55. At its best--and queasiest--The Counterfeiters asks disturbing questions more commonly found in the survivor literature of Primo Levi or Bruno Bettelheim than at the movies.
  56. Lively, exasperating documentary.
    • 78 Metascore
    • 70 Critic Score
    What happens after the wedding comprises a full three-quarters of Bier's epic, whose near-Biblical twists and turns--I wouldn't think of giving them away--are enough to fill four weepies.
  57. The Dark Knight Rises is a shallow repository of ideas, but as a work of sheer sensation, it has something to recommend.
  58. The movie is an expert, sunlit chiller audaciously predicated on an unquiet historical memory: "What is a ghost?"
  59. Single-minded, sometimes harrowing.
  60. The real star of this film is the crowded, neon-lit byways of the city itself.
  61. Eads's wit, generosity, insight, and courage are irresistible.
  62. Blind Shaft means to leave the viewer dazed, and it does.
  63. One senses that The Guard is McDonagh's eulogy for the brusque, warts-and-all character of a passing generation of tough, working-class Irishmen, much as Clint Eastwood's "Gran Torino" was for vintage Americanism.
  64. The first punk tragicomedy, a chain-whipped cartoon meditation on Good, Evil, and Free Will that is as seductive as it is tasteless. That Kubrick misjudged the distance between comedy and cruelty seems to be unarguable.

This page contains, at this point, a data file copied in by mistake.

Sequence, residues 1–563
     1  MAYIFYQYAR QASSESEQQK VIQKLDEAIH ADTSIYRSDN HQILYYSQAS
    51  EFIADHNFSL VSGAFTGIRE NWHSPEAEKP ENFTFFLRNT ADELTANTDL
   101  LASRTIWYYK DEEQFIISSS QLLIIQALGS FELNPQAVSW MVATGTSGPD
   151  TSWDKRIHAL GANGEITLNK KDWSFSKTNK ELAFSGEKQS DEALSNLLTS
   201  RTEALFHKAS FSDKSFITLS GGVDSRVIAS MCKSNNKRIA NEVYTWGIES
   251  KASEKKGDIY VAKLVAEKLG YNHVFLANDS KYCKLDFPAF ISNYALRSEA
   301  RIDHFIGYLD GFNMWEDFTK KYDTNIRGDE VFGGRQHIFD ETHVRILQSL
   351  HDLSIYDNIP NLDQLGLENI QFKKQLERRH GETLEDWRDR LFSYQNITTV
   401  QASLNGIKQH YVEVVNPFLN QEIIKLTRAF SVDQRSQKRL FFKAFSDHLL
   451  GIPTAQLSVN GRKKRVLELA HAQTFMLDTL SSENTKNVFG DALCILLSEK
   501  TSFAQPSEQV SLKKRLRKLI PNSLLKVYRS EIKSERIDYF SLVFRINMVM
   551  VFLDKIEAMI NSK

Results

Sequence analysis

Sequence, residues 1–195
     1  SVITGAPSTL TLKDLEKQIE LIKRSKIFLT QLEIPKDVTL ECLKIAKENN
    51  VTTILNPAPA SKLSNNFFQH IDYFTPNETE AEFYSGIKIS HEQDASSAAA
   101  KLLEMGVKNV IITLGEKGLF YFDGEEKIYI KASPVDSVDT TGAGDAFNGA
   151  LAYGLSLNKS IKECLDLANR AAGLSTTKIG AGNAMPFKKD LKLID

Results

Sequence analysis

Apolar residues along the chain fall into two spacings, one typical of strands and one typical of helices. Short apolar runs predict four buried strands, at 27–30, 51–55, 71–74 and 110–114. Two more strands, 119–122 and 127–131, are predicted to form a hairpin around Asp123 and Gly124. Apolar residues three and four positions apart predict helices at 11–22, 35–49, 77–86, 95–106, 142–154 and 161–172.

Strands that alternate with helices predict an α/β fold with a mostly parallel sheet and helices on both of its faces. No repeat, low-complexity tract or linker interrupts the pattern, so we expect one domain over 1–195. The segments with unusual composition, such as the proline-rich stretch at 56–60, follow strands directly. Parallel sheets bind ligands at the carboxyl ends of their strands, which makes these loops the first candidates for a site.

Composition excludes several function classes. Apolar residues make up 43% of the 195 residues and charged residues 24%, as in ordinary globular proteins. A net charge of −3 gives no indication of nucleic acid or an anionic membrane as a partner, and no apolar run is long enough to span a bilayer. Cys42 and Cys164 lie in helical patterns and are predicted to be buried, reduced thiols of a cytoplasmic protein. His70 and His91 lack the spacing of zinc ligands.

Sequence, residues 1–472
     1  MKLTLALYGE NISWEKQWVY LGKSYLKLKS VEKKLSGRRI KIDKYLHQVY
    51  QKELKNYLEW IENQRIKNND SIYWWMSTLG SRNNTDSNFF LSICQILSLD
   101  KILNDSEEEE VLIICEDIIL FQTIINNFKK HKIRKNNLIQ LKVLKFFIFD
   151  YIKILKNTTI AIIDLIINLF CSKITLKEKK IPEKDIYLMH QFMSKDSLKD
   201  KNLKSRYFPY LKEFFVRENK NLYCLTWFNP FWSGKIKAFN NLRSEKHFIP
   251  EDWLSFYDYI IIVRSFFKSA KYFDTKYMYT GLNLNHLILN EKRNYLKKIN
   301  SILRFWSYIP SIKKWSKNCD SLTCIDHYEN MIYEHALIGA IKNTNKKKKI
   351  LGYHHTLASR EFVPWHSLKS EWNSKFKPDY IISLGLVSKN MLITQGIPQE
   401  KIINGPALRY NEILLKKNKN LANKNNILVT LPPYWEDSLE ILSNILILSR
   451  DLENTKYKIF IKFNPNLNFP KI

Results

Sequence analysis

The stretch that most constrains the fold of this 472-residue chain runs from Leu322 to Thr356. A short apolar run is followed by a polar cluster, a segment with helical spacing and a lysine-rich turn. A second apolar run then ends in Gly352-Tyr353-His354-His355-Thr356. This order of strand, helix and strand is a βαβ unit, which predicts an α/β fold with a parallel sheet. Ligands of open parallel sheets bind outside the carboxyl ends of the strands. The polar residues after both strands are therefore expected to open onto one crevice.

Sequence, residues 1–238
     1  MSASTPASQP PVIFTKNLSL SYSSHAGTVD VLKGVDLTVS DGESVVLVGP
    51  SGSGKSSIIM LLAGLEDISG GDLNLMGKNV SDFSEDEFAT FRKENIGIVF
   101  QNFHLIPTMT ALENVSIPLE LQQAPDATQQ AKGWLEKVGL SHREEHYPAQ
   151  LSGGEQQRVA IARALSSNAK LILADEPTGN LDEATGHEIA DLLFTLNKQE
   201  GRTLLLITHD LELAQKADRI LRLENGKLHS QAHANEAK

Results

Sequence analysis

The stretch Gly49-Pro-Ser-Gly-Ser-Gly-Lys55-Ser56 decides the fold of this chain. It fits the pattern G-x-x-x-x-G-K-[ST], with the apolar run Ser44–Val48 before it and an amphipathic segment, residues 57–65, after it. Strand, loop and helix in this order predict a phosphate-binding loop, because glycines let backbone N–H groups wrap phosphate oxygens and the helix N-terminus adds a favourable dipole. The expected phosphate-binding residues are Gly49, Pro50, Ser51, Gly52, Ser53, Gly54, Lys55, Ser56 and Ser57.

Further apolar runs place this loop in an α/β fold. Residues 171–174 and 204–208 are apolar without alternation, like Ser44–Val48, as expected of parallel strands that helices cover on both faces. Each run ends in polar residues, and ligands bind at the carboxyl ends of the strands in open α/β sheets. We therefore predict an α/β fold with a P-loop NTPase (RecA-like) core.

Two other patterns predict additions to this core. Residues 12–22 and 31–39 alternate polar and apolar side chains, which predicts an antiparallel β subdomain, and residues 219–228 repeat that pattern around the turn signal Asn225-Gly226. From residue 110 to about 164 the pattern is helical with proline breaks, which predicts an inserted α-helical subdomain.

65. Frank De Felitta's guilt over having aired the footage is moving, yet it's ultimately countered by this piercing film's stance - promoted by the subject's proud children and grandchildren - that Wright's statements, far from a slip of the tongue, were an intentional act of courageous defiance.
    • 78 Metascore
    • 80 Critic Score
    At times, the film plays like an extended infomercial for John's new company, Angelic Organics, but the agrarian fantasy is so compelling here that the revitalization of the American family farm begins to seem not just possible, but probable.
    • 78 Metascore
    • 90 Critic Score
    Generally grim, occasionally startling, and altogether enthralling sixth chapter in a movie franchise that keeps managing to surprise just when one would expect it to be puttering along on auto-broomstick.
  66. Restrained, tough, and subtle enough to be as engrossing on the second viewing as it was on the first.
  67. Best in Show succeeds only insofar as you're willing to laugh at a bunch of sad freaks.
  68. Without the intrusion of voice-overs or interviews, Mylan and Shenk attained a remarkable intimacy with the strapping, earnest, startlingly beautiful teenagers.
  69. Innocence is not merely the year's best first film, but one of the great statements on the politics of being 'tween.
  70. If anything, Na's film is too much of a good thing, exceeding credibility too often (the punching-bag hero is far too lucky - good and bad - and absorbs a hilarious amount of punishment) in its pursuit of despairing violence. But that's the Korean way, and Na nails down the bottom feeder realism while slouching toward video-game hyperbole.